Frankenstein de

Tirage bleu nuit,
numéroté de 1 à 1000,

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Frankenstein, titre manuscrit

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Eté 1816. A l’âge de 18 ans, Mary Shelley séjourne au bord du Lac Léman en Suisse avec celui qui deviendra son mari, Percy Shelley, et quelques amis, Lord Byron, Claire Clairmont sa belle-sœur et John Polidori. Le temps est pluvieux, et lors d’une orageuse soirée, pour se distraire, Lord Byron lance l’idée d’un concours : c’est à celui qui inventera la meilleure histoire de fantômes. Lui-même se met à rédiger Le Vampire. La jeune femme, bien décidée à rédiger une histoire à glacer le sang elle-aussi, s’attelle à la tâche sans imaginer que son roman deviendrait culte, inspirant des générations de lecteurs, d’écrivains et de réalisateurs.

le manuscrit original de Frankenstein, ouvert

Chef d’œuvre de la littérature, Frankenstein puise dans plusieurs genres. Gothique, fantastique, épouvante… Il explore de nombreuses thématiques comme le mythe de Prométhée et les avancées de la science. Certains spécialistes pensent que l’idée de laquelle Frankenstein naît, à savoir la capacité de redonner la vie à ce qui est éteint, a été soufflée à Mary par un drame personnel – la perte de son bébé de sept mois quelques temps auparavant.

Publié en 1818, c’est un succès immédiat. Mary Shelley va cependant le remanier pour la version qui paraît en 1831. A l’occasion des 200 ans de la publication de Frankenstein, les Saints Pères proposent la reproduction du manuscrit de Mary Shelley, conservé à la Bodleian Library (Oxford).

Le manuscrit de Mary Shelley

L'écriture de la romancière se déploie avec élégance pour dessiner un personnage qui marquera à jamais l'histoire de la littérature. Percy, poète déjà reconnu, a annoté le manuscrit : c’est un dialogue à la fois littéraire et intime entre les amants qui s’esquissent au fil des pages.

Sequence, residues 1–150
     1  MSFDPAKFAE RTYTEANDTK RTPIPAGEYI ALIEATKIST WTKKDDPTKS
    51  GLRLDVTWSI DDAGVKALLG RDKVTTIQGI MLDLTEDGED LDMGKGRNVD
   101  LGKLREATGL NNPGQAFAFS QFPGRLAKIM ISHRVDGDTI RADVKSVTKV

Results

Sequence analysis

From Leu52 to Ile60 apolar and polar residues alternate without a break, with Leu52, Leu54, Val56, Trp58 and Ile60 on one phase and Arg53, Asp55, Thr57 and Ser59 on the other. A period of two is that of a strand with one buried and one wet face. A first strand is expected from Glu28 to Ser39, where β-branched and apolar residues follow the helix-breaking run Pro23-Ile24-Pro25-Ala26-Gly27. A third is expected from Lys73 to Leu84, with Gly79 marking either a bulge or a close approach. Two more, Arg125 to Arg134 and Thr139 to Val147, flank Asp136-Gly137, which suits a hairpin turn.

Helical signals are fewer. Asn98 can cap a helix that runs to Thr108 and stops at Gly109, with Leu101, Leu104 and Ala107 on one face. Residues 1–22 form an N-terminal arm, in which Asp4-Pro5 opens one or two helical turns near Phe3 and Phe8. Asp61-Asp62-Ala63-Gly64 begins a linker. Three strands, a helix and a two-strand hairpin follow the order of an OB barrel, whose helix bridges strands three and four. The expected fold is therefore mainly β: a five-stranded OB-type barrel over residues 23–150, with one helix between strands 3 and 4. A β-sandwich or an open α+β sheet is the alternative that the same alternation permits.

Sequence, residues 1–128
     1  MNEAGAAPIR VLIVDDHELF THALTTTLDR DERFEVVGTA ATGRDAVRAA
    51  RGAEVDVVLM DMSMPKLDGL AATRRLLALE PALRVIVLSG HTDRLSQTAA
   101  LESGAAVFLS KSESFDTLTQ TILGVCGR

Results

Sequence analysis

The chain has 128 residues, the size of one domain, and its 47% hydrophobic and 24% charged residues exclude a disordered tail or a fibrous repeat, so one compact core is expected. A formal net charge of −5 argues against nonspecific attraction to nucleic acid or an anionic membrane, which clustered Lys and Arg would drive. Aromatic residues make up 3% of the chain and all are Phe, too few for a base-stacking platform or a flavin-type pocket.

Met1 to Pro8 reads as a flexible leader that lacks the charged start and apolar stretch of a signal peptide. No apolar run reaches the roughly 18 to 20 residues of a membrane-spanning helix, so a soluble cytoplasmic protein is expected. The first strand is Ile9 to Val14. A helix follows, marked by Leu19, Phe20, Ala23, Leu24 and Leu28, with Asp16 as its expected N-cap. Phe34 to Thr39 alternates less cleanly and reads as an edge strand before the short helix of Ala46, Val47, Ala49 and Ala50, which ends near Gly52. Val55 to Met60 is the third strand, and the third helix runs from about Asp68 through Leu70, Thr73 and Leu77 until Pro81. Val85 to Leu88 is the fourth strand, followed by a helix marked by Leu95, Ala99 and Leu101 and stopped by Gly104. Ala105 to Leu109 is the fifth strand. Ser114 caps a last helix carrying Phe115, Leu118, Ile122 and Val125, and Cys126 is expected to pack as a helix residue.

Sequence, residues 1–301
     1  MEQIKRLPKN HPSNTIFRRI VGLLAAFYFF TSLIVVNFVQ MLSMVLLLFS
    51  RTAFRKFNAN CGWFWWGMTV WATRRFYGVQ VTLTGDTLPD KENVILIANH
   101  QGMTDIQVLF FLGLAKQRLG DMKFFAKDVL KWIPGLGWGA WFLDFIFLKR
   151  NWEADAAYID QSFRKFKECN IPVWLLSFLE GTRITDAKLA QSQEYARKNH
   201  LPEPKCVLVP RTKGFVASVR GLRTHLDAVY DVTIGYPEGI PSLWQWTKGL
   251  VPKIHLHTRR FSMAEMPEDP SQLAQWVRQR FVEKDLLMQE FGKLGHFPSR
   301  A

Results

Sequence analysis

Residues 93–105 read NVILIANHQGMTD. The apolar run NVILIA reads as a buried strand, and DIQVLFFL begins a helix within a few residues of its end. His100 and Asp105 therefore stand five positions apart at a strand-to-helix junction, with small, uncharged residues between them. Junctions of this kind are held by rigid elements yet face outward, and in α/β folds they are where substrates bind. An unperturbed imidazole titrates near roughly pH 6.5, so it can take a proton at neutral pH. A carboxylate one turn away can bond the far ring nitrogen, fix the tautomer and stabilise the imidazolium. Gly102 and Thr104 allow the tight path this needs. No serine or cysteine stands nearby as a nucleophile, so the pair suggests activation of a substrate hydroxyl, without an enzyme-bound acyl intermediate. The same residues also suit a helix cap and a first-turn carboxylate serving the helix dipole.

Frankenstein

En effet, c’est en partie grâce à Percy que le style de Mary se fait plus limpide et que la fameuse créature monstrueuse de Viktor Frankenstein prend au fur et à mesure un visage et un corps plus humain, rendant plus palpable encore une des thématiques abordées dans cette fiction : quelle est la frontière entre l’humain et l’inhumain ?

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I love this book

I just received my copy of 'Frankenstein' and I am so love with the edition. The book is gorgeous, well-made, and it lights up my Shelleyan heart. I cannot recommend this book, or SP books enough. They have been very pleasant to order from, they've been prompt in customer service, and their product is beyond compare. I'm very pleased!!!

Megan Green

Very beautiful.



A facsimile of Mary Shelley’s manuscript of “Frankenstein,” written when she was just 18, will be published in March by SP Books here to mark the bicentennial of the novel’s publication in 1818. The draft version, written in two large notebooks, is full of annotations by both Mary Shelley and her future husband, Percy Shelley, showing his corrections to her spelling (“enigmatic o you pretty Pecksie!” he wrote next to her “igmmatic”) and suggested changes to vocabulary. (...)